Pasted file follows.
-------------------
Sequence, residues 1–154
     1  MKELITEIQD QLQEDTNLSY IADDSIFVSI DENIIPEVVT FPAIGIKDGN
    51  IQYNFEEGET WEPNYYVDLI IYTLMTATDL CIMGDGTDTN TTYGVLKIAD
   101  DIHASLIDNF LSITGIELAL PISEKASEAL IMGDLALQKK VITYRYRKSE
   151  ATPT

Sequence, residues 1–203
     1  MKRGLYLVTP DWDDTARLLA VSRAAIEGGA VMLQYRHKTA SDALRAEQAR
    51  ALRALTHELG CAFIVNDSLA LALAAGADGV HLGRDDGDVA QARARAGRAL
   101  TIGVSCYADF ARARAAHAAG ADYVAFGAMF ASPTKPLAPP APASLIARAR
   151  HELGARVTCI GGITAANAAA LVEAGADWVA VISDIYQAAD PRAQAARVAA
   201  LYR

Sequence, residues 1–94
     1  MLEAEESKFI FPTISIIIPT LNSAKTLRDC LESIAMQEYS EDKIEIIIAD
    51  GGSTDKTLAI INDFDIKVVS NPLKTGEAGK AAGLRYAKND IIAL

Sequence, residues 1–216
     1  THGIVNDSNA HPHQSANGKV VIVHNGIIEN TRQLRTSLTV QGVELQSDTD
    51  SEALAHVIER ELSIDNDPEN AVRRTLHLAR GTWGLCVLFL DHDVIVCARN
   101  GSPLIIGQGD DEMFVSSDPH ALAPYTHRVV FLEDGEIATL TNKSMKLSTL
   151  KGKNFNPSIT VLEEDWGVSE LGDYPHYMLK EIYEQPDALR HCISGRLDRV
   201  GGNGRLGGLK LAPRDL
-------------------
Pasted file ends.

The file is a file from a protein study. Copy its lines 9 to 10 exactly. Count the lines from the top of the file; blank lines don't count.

   101  TIGVSCYADF ARARAAHAAG ADYVAFGAMF ASPTKPLAPP APASLIARAR
   151  HELGARVTCI GGITAANAAA LVEAGADWVA VISDIYQAAD PRAQAARVAA